The preventative vaccination of our dog population has not prevented rabies in the US but given us the proverbial buffer between this disease and the human population. In the US raccoons and bats are still common culprits that serve as a vector between the virus and our vulnerable nervous systems. Humans are considered an accidental exposure in this disease as we, personally, rarely spread it to others before our demise if we are infected. A rabid, sharp toothed creature on the other hand does a much better job at keeping the virus alive--infecting many before it dies a grisly death.

Many of the most lethal diseases are zoonotic, they originate in animals and then cross from species to species. Measles came from a disease in cattle, influenza from pigs, smallpox from rodents, the plague and typhus from the rat. "With most zoonotic leaps in disease, animal contact is the spark, but urbanization is the bone-dry tinder" (Wasik and Murphy, 71)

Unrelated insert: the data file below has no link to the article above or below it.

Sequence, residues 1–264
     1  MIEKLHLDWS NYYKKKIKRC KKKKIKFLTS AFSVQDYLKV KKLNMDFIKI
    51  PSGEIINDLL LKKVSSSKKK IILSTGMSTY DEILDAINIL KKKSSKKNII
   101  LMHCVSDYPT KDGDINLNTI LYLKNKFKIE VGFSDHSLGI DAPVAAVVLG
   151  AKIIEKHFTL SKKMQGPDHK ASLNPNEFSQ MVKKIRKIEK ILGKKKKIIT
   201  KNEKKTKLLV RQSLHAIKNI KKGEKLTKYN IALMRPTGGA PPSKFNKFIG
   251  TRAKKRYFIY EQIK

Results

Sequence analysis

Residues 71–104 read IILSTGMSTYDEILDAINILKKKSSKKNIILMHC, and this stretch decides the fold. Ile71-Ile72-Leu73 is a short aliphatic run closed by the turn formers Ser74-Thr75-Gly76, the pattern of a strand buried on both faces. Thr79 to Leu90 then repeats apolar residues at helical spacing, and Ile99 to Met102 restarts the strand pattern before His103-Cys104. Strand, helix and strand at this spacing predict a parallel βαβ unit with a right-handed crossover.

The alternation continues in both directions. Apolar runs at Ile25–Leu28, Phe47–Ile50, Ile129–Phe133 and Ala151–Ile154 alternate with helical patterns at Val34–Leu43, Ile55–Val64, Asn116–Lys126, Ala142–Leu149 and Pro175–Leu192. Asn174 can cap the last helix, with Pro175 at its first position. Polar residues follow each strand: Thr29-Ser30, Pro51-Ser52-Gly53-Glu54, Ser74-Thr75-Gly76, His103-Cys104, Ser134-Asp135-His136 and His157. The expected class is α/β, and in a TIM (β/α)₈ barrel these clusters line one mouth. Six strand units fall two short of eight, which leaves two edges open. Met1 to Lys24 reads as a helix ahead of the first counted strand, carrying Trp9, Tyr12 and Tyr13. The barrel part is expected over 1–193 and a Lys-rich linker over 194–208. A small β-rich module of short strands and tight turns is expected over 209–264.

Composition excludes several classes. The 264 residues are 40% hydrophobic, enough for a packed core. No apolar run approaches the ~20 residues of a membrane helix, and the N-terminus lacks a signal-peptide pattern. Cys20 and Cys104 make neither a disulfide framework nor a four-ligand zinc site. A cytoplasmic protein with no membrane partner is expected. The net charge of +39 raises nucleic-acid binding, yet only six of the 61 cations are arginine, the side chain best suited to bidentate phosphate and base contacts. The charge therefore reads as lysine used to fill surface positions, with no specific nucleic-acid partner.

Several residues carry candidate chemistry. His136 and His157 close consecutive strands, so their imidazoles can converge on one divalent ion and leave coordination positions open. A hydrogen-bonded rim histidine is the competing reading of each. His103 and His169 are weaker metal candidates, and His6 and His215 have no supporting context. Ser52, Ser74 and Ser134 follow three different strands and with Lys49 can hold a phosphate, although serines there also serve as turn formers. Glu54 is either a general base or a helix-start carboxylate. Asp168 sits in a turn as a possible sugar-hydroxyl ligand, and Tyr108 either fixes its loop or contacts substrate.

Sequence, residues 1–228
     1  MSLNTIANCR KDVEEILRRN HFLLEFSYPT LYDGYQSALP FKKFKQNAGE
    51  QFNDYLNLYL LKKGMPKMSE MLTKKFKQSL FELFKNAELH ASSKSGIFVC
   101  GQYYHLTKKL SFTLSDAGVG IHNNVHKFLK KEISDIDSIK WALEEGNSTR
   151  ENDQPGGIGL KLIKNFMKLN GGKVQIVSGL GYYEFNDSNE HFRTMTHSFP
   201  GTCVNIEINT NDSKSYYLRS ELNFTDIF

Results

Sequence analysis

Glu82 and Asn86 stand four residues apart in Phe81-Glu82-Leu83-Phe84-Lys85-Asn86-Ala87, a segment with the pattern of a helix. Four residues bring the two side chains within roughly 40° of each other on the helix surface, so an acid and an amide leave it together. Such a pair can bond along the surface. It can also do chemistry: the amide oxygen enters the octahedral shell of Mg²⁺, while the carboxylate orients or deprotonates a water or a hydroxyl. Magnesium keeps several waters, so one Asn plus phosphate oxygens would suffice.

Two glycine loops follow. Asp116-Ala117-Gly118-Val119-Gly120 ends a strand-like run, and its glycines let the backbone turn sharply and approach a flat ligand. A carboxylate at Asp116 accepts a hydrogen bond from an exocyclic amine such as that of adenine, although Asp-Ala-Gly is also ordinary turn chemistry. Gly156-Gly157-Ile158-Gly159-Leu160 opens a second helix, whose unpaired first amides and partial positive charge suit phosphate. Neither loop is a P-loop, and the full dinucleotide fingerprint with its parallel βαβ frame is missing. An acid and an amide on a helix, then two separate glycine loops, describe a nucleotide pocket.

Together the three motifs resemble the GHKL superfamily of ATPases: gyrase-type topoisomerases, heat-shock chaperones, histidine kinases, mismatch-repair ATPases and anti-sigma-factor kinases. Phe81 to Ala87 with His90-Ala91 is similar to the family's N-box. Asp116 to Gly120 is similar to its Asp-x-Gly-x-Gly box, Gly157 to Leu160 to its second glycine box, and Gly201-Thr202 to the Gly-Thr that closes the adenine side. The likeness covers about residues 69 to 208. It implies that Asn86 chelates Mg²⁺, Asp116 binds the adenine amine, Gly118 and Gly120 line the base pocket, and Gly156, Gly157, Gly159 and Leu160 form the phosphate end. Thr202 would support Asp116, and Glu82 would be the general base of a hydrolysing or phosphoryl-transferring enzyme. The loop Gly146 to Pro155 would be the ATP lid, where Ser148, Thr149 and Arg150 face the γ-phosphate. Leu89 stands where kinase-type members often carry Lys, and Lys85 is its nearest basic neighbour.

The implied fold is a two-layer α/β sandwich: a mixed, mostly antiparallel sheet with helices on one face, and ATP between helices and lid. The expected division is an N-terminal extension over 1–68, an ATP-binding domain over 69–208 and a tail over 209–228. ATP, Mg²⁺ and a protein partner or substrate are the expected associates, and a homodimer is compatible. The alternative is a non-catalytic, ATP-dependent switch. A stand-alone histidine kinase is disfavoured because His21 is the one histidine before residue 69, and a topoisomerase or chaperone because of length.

As an emergency nurse, I gave many doses of post-exposure rabies vaccine. Yes, I knew that the disease was brutal and always fatal. (Since I last administered the vaccine, some rare people have survived with the help of modern medicine) I did not fully appreciate the bravery that Louis Pasteur (he, of the pasteurization fame) and his assistants as they risked their lives, literally, to obtain serum from the jaws of salivating rabid dogs to make the vaccine. It is said they kept a gun handy, so that if one of the three was bit, his friend/assistant could shoot him quickly before the disease ravaged him mad. A virus too small for the scientist to see under the microscope--yet he was convinced he could make a vaccine for this unseen killer. The lives that Frenchman has saved!

After the news release of the news (at the turn of the 20th century) that there was a vaccine for this dreaded disease, three American boys in New Jersey were bit by a rabid dog. The news of their plight was in the newspapers, to be facing certain death when a vaccine was across the ocean. Many readers sent in money that enabled the boys to journey to Monsieur Pasteur's lab to be cured. Am I jaded in wondering if the public would be able to mount such a campaign to effect a cure for three such American youth today?